Tuesday, December 27, 2011

Heterochromia (Mengele's Dogs)

Now he is an old man
For demons never age
On a bench in the sun
In a place too warm to be home
Playing fetch with the strays
The way others toss kernels and crusts
To the pigeons and swans

They come to him when he calls
With happy tails and shrill yelps and eager
As free as gypsies and no better fed
And he pats them and feeds them and is
    withal so kind
In his old man's soul and panama hat
That only a hard heart could fail to be moved by it

Each day he comes
For each one of them he has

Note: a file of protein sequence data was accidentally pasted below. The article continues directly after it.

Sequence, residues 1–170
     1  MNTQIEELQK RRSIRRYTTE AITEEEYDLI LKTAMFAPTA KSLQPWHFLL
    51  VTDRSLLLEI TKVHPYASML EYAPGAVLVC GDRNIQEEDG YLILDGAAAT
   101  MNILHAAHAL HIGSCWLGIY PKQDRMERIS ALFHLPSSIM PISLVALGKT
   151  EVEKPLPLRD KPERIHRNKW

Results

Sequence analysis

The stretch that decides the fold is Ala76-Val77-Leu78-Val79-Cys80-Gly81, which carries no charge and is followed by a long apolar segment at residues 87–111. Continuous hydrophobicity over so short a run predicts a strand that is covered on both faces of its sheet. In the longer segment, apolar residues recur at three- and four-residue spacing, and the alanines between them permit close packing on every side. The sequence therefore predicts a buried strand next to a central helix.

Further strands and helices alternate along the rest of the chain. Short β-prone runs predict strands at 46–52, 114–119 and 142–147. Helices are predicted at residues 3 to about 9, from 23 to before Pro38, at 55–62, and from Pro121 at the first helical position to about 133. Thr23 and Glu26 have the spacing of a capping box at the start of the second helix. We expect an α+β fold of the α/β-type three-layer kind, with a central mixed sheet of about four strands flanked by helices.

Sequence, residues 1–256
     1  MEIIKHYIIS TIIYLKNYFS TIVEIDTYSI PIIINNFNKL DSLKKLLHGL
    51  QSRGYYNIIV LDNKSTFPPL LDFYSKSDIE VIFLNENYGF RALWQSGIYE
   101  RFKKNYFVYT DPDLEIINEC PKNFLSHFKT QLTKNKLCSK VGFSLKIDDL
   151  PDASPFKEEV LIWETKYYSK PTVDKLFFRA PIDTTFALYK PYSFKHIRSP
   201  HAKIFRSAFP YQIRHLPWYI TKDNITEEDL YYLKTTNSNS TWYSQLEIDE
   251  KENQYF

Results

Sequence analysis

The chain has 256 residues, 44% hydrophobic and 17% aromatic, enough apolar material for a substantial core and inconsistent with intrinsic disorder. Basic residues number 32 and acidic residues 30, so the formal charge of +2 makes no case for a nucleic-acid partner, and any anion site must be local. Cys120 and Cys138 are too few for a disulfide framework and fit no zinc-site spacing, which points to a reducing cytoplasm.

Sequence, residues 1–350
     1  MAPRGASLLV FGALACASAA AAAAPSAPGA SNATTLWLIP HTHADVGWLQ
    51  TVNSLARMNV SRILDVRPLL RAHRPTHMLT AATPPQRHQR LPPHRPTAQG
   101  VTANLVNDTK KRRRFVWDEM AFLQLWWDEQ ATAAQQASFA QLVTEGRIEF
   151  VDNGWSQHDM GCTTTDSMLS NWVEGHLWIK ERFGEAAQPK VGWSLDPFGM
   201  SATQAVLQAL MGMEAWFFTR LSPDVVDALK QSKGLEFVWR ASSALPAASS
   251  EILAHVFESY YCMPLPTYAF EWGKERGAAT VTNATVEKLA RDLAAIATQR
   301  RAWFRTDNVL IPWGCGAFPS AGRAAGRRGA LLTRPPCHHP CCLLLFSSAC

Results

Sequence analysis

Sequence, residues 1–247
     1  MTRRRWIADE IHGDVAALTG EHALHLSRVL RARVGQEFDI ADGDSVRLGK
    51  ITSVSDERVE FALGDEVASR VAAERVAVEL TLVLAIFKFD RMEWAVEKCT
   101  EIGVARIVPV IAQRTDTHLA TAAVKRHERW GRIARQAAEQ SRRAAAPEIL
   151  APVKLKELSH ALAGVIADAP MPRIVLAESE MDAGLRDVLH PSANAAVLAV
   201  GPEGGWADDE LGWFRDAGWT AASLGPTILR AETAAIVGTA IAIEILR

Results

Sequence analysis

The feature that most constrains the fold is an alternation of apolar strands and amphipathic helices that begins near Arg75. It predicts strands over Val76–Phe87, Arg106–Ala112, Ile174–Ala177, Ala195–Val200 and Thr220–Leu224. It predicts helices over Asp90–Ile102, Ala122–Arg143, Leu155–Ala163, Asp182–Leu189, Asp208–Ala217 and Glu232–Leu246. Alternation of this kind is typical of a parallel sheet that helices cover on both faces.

a name
Some affectionate diminutive
Though none of them will ever
    amount to anything
Even their sexual indiscrimination
    pleases him
Though as refutation or proof no
    one can say

When they are sick or hurt he
    treats them
With tinctures and salves he prepares
    at home
And carries in a black physicians' bag
For the mange maybe
Or their various bites and scrapes
And always a little special something
For the bitches
When they are pregnant

How do you know it is him?
How can you be sure?
How can you be sure it is not?
Is  that all there is?
Is it more frightening like this, or less?
Which way do you see him?
It depends which eye you
     look out from
What strange permutations and infinity
    of combinations there are

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